Nobel Laureate Carl Wieman to speak at Yale-NUS College symposium on STEM education in the region

24 April 2017

From 27 to 28 April, Yale-NUS College will host the STEM Singapore Innovations Symposium, where faculty from various universities will discuss the latest developments and promote innovation in science, technology, engineering and mathematics (STEM) education in Singapore and the region.

At the symposium, Professor Carl Wieman, recipient of the Nobel Prize in Physics, will deliver a public lecture titled ‘Taking a Scientific Approach to Science Education’ on 28 April, 6.30pm. He will discuss how educators can use scientific research to improve the teaching of science and evaluate learning. Professor Wieman will also examine how scientific research can be combined with information technology to develop a new approach to teaching and learning in STEM education.

Professor Wieman holds a joint appointment as Professor of Physics and Professor at the Graduate School of Education at Stanford University. He has received numerous awards and honorary degrees, including the Nobel Prize in Physics in 2001 for the achievement of Bose-Einstein condensation in dilute gases of alkali atoms, and for early fundamental studies of the properties of the condensates. Aside from his extensive research in atomic physics and laser spectroscopy, Professor Wieman is renowned for his contributions to science education, having served as the founding chair of the Board of Science Education of the National Academy of Sciences and the founder of PhET, a website which provides online interactive simulations that are used 100 million times per year to learn science. Professor Wieman also directed the science education initiatives at the University of Colorado and the University of British Columbia. As a champion of innovative, active learning techniques to improve the teaching of science, Professor Wieman has inspired many educators to change and improve the way they teach.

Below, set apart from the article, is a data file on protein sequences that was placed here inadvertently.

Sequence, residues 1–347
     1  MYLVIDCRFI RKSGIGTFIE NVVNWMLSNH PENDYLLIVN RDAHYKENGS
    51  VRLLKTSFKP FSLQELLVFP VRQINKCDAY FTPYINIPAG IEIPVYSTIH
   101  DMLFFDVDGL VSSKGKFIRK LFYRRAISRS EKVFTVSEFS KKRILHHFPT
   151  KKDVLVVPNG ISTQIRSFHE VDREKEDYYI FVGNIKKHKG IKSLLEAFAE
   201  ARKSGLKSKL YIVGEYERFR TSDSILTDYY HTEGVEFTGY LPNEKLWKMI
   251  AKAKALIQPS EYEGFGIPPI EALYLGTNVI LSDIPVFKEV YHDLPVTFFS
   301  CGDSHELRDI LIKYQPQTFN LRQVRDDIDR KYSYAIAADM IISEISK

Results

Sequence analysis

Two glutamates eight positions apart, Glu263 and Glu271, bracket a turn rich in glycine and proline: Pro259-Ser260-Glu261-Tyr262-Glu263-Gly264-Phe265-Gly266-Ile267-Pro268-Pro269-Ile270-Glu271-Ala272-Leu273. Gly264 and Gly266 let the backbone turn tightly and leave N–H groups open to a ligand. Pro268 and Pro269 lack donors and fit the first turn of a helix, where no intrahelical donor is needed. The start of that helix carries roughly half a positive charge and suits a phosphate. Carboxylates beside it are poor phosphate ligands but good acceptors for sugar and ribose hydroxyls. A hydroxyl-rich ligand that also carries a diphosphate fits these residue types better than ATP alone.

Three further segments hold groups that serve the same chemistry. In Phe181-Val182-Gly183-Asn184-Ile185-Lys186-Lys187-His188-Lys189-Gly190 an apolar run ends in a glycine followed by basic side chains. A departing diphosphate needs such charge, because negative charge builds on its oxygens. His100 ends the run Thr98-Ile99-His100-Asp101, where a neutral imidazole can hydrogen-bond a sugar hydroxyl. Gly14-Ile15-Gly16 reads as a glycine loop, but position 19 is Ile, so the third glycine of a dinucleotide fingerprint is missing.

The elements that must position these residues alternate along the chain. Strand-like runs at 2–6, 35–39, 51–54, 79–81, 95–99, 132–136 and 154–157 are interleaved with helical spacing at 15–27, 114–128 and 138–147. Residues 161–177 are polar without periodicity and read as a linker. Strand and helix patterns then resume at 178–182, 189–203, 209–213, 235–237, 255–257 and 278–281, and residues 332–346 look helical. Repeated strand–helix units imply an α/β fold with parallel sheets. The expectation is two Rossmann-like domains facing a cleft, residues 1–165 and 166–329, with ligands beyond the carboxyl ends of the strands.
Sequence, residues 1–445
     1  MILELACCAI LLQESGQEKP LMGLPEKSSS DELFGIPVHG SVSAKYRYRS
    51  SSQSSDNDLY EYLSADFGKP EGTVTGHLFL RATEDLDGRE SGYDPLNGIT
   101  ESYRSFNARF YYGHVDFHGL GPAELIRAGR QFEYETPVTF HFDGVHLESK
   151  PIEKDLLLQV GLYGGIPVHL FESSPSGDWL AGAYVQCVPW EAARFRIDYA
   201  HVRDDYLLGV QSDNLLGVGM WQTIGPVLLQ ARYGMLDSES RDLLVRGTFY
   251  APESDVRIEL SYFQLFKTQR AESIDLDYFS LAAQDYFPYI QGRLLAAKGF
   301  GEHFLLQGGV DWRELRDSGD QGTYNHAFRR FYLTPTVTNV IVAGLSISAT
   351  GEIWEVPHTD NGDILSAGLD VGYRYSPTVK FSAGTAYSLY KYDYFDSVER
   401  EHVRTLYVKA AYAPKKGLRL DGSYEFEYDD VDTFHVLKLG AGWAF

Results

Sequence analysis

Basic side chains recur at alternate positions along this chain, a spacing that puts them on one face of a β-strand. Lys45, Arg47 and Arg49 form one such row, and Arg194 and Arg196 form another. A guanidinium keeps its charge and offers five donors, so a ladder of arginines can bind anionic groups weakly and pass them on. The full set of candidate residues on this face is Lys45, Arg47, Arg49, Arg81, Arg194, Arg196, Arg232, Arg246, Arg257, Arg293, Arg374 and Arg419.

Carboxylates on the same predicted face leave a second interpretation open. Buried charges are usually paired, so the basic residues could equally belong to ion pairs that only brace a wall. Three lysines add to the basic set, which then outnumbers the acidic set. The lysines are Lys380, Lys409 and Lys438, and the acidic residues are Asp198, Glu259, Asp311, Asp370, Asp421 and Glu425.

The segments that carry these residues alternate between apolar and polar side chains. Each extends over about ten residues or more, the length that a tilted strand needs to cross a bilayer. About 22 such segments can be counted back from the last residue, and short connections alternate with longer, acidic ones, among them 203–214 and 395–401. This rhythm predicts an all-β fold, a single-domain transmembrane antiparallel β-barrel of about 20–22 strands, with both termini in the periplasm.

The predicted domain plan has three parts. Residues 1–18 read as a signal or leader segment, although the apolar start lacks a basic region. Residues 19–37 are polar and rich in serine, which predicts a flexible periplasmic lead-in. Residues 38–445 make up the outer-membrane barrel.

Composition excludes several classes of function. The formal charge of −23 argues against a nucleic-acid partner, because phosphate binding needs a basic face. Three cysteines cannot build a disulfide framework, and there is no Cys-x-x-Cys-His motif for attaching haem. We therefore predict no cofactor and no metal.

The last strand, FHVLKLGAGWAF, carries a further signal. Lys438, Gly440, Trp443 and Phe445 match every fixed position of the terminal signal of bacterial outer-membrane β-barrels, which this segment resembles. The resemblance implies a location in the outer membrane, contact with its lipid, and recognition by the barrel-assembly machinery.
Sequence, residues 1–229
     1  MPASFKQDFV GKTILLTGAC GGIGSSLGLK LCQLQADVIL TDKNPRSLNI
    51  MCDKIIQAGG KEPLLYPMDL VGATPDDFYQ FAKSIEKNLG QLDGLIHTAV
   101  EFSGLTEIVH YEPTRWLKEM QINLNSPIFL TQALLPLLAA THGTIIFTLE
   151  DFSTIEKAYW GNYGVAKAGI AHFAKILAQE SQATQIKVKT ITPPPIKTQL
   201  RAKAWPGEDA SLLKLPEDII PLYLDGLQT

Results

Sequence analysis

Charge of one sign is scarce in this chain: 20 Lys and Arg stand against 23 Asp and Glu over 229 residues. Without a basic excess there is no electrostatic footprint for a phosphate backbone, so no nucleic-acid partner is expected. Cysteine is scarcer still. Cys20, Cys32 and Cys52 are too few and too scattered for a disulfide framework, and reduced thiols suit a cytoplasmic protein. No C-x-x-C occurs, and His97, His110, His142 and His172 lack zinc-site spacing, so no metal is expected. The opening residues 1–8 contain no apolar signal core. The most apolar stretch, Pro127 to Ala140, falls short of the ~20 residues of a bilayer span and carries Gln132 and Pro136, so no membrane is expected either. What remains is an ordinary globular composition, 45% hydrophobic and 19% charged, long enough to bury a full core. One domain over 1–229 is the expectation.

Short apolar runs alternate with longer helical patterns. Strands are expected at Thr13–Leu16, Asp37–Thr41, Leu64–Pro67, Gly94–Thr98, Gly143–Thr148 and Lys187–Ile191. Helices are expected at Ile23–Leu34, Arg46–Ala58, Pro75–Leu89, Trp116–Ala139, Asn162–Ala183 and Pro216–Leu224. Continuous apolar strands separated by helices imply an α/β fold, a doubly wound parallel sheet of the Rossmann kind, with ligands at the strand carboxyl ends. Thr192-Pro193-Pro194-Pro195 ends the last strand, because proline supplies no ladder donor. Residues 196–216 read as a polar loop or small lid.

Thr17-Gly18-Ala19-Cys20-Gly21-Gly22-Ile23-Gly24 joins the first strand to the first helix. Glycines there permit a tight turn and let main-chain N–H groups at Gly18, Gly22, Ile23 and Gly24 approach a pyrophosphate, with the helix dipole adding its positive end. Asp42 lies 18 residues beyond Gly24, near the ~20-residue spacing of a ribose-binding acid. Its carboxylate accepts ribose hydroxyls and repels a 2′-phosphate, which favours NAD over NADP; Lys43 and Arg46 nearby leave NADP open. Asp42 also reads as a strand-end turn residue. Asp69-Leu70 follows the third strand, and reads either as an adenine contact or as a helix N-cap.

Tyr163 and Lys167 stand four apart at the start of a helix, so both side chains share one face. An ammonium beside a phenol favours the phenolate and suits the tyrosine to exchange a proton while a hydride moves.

Organised by the Yale-NUS Centre for Teaching & Learning and the National University of Singapore’s Centre for Development of Teaching and Learning, the symposium aims to enable educators to improve their teaching methods in order to prepare their students to engage with the complex problems of the 21st century. Other speakers for the symposium include faculty from Yale-NUS College, the National University of Singapore, Nanyang Technological University, and Singapore University of Technology and Design, among others. With a focus in cross-disciplinary and interdisciplinary curriculum development and innovative pedagogies, the topics for the symposium are Quantitative Reasoning; Life Science; and Physical Science. Discussion topics include what an interdisciplinary STEM curriculum is like, the role of technology in STEM education as well as the challenges and solutions of teaching mathematics and quantitative reasoning.

Professor Bryan Penprase, Director of the Yale-NUS Centre for Teaching & Learning and Chairperson of the STEM Singapore Innovations Symposium organising committee said, “Science, technology, engineering and mathematics have the potential to solve many of the most pressing problems facing society and our planet. At Yale-NUS, our liberal arts education model provides students the opportunity to design their own research questions and proposals to discuss the deeper contexts of science problems. Through this seminar, we look forward to exploring the many exciting approaches in science education. We are pleased to have Professor Wieman share his thoughts on how best to teach science, I believe this will have a significant impact in further improving our approaches to course design and science teaching.”

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